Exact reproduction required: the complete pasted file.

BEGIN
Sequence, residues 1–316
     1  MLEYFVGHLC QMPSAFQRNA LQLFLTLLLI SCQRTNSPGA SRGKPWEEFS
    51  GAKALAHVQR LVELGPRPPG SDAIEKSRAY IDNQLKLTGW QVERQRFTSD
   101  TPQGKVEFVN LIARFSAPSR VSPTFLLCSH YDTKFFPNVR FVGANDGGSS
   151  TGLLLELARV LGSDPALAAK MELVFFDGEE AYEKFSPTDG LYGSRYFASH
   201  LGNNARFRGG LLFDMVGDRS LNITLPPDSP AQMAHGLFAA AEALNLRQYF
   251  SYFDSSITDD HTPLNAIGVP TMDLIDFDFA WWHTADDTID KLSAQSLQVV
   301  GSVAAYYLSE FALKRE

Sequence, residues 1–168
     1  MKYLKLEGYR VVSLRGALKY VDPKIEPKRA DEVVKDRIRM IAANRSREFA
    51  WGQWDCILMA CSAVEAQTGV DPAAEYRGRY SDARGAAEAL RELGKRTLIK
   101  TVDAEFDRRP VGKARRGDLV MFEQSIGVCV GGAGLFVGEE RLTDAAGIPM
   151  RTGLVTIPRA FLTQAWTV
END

Sequence, residues 1–316
     1  MLEYFVGHLC QMPSAFQRNA LQLFLTLLLI SCQRTNSPGA SRGKPWEEFS
    51  GAKALAHVQR LVELGPRPPG SDAIEKSRAY IDNQLKLTGW QVERQRFTSD
   101  TPQGKVEFVN LIARFSAPSR VSPTFLLCSH YDTKFFPNVR FVGANDGGSS
   151  TGLLLELARV LGSDPALAAK MELVFFDGEE AYEKFSPTDG LYGSRYFASH
   201  LGNNARFRGG LLFDMVGDRS LNITLPPDSP AQMAHGLFAA AEALNLRQYF
   251  SYFDSSITDD HTPLNAIGVP TMDLIDFDFA WWHTADDTID KLSAQSLQVV
   301  GSVAAYYLSE FALKRE

Sequence, residues 1–168
     1  MKYLKLEGYR VVSLRGALKY VDPKIEPKRA DEVVKDRIRM IAANRSREFA
    51  WGQWDCILMA CSAVEAQTGV DPAAEYRGRY SDARGAAEAL RELGKRTLIK
   101  TVDAEFDRRP VGKARRGDLV MFEQSIGVCV GGAGLFVGEE RLTDAAGIPM
   151  RTGLVTIPRA FLTQAWTV